• Genetics. Because fibromyalgia tends to run in families, certain genetic mutations may make a person more susceptible to developing the disorder.
  • Infections. Some illnesses appear to trigger or aggravate fibromyalgia.
  • Physical or emotional trauma. Post-traumatic stress disorder has been linked to fibromyalgia.


  • Widespread pain. The pain associated with fibromyalgia often is described as a constant dull ache that has lasted for at least three months. To be considered widespread, the pain must occur on both sides of the body and above and below the waist.
  • Fatigue. People with fibromyalgia often awaken tired, even though they report sleeping for long periods of time. Sleep is often disrupted by pain, and many patients with fibromyalgia have other sleep disorders, such as restless legs syndrome and sleep apnea.
  • Cognitive difficulties. A symptom commonly referred to as "fibro fog" impairs the ability to focus, pay attention, and concentrate on mental tasks.
  • Other problems. Many people who have fibromyalgia also may experience depression, headaches, and pain or cramping in the lower abdomen.


Treatments for fibromyalgia include both medication and self-care. The emphasis is on minimizing symptoms and improving general health. No one treatment works for all symptoms.

Medications. Medications can help reduce the pain of fibromyalgia and improve sleep. Common choices include:

  • Pain relievers (over-the-counter and prescription);
  • Antidepressants;
  • Anti-seizure drugs; and
  • Pregabalin (Lyrica) was the first drug approved by the FDA to treat fibromyalgia.

Therapy. Talking with a counselor can help strengthen a person's belief in her abilities and teach strategies for dealing with stressful situations.

Self-Care. Self-care is critical in the management of fibromyalgia. The person should try to:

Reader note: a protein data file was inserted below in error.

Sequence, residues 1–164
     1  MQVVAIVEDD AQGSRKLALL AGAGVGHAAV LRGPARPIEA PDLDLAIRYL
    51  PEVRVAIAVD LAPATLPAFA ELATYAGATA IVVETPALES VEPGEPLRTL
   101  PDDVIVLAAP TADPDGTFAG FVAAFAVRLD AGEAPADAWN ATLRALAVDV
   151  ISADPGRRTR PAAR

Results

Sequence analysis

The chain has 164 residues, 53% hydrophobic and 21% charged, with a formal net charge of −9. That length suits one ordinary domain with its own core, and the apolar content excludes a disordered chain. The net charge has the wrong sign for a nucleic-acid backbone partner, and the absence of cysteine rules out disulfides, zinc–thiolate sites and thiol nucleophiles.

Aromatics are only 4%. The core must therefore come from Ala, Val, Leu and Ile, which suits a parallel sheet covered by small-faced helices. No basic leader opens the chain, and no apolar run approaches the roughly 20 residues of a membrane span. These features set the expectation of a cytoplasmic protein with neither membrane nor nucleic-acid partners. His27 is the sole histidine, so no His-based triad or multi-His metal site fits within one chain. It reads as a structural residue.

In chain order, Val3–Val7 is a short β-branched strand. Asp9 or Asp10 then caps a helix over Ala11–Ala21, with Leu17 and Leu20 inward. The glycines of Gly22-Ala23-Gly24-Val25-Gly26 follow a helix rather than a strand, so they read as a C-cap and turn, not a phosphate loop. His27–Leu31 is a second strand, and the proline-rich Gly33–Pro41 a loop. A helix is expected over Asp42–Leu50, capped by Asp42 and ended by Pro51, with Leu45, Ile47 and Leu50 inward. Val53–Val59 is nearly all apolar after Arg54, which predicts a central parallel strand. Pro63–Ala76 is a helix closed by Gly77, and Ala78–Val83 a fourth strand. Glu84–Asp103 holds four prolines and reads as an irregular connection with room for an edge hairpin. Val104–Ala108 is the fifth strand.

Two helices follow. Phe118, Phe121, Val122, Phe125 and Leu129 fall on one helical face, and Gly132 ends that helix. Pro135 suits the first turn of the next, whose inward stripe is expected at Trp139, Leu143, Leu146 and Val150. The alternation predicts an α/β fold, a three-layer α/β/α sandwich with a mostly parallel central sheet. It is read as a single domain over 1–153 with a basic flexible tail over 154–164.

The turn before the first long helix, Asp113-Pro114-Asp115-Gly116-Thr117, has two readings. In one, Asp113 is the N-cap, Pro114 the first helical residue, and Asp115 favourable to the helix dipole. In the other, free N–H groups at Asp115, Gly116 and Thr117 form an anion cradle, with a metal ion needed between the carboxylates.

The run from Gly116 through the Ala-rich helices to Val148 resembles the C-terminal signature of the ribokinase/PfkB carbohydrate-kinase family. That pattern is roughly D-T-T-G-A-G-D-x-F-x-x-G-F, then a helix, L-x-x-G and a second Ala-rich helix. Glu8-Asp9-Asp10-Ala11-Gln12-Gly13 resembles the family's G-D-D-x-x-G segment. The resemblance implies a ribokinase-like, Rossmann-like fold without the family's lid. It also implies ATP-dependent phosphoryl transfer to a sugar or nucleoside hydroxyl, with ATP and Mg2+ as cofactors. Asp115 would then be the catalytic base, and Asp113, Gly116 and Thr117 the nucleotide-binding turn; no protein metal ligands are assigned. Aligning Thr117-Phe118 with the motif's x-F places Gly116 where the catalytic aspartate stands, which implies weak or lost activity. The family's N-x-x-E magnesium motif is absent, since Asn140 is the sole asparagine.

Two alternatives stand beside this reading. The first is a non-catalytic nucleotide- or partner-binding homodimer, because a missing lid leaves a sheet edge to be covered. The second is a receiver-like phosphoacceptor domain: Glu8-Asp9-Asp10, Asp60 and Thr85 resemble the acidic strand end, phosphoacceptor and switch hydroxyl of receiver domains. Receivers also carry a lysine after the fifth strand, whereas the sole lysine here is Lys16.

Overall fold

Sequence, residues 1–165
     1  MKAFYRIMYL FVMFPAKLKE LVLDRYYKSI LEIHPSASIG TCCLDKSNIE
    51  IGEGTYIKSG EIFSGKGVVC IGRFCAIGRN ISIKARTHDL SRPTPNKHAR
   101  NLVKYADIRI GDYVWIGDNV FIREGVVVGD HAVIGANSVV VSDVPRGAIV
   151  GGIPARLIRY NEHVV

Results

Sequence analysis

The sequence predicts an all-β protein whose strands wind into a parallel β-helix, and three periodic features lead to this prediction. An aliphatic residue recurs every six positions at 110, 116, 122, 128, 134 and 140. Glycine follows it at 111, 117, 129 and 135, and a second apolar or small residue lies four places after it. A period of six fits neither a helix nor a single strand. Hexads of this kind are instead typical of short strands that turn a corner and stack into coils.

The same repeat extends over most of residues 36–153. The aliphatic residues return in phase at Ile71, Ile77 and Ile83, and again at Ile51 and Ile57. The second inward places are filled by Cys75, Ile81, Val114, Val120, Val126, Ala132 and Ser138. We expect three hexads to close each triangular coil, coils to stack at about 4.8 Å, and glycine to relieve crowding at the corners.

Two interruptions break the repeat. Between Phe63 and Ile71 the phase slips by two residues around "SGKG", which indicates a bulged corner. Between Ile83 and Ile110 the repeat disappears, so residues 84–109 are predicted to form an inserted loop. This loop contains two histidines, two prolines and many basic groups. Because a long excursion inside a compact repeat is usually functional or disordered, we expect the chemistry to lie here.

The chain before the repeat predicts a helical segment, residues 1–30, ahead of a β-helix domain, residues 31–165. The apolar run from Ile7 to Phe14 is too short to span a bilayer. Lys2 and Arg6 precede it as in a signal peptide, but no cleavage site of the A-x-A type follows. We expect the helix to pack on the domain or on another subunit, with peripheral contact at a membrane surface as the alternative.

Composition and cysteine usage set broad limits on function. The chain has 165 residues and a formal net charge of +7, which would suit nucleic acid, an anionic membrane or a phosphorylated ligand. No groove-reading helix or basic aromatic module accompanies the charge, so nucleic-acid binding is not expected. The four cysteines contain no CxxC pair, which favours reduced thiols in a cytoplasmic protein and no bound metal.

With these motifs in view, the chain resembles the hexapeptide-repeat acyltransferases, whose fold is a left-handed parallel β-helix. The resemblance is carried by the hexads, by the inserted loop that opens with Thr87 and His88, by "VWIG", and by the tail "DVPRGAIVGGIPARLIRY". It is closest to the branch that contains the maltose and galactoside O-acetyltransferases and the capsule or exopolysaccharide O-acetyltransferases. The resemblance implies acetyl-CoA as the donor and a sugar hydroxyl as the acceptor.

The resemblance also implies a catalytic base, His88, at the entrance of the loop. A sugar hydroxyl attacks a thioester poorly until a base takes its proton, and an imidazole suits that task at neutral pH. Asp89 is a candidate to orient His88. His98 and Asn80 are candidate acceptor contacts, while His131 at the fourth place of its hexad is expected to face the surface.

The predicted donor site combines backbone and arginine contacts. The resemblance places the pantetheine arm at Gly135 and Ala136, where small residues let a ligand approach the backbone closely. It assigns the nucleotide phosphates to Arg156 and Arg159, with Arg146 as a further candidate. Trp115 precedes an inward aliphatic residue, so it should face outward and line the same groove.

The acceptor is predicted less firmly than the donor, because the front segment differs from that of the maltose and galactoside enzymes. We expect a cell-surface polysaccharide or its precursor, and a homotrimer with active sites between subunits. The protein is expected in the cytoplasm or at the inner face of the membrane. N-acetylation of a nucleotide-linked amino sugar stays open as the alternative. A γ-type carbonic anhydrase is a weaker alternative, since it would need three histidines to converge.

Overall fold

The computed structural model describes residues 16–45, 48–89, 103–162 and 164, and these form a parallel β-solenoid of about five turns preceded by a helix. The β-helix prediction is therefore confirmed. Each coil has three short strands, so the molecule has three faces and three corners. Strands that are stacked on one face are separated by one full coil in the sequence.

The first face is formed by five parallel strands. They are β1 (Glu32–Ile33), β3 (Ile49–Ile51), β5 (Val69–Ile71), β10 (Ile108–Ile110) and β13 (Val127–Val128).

• Reduce stress;
  • Get enough sleep;
  • Exercise regularly;
  • Pace herself; and
  • Maintain a healthy lifestyle.

Complementary and Alternative Therapies. These complementary and alternative therapies have been shown to help control fibromyalgia symptoms:

  • Acupuncture;
  • Yoga and tai chi; and
  • Massage therapy. Massage therapy is one of the best treatments for fibromyalgia. Research shows that massage improved sleep patterns and decreased pain, fatigue, anxiety, depression, and cortisol levels in adults with fibromyalgia.

Identify your treatment plan and explain why you chose that treatment plan. My treatment plan was to incorporate some myofascial release techniques for the back, legs, and glutes into the client's weekly massage. I chose to add these techniques for several reasons: 1) because the client requested these techniques. The client stated that she had had myofascial release therapy in the past and it helped relieve her symptoms; 2) because I had read the below research article and other resources that endorse myofascial release techniques in the treatment of fibromyalgia symptoms; and 3) because I had learned a few myofascial release techniques in class and was interested in putting them into practice.